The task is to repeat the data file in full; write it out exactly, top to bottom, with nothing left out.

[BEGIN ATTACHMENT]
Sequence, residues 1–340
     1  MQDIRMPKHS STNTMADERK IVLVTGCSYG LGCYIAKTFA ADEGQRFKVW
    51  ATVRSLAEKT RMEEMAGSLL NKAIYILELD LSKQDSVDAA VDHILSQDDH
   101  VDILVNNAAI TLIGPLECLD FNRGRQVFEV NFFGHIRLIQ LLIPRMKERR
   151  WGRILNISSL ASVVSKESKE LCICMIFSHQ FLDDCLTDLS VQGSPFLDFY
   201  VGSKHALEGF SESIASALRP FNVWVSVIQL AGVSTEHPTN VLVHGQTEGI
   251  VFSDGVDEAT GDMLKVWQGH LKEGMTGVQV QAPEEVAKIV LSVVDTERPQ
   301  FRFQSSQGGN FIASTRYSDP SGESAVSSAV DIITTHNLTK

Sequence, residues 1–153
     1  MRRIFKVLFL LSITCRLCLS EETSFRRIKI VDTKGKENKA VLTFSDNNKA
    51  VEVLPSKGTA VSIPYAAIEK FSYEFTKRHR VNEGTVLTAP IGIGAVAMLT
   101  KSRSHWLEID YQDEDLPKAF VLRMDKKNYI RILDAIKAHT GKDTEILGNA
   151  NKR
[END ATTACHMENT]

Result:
Sequence, residues 1–340
     1  MQDIRMPKHS STNTMADERK IVLVTGCSYG LGCYIAKTFA ADEGQRFKVW
    51  ATVRSLAEKT RMEEMAGSLL NKAIYILELD LSKQDSVDAA VDHILSQDDH
   101  VDILVNNAAI TLIGPLECLD FNRGRQVFEV NFFGHIRLIQ LLIPRMKERR
   151  WGRILNISSL ASVVSKESKE LCICMIFSHQ FLDDCLTDLS VQGSPFLDFY
   201  VGSKHALEGF SESIASALRP FNVWVSVIQL AGVSTEHPTN VLVHGQTEGI
   251  VFSDGVDEAT GDMLKVWQGH LKEGMTGVQV QAPEEVAKIV LSVVDTERPQ
   301  FRFQSSQGGN FIASTRYSDP SGESAVSSAV DIITTHNLTK

Sequence, residues 1–153
     1  MRRIFKVLFL LSITCRLCLS EETSFRRIKI VDTKGKENKA VLTFSDNNKA
    51  VEVLPSKGTA VSIPYAAIEK FSYEFTKRHR VNEGTVLTAP IGIGAVAMLT
   101  KSRSHWLEID YQDEDLPKAF VLRMDKKNYI RILDAIKAHT GKDTEILGNA
   151  NKR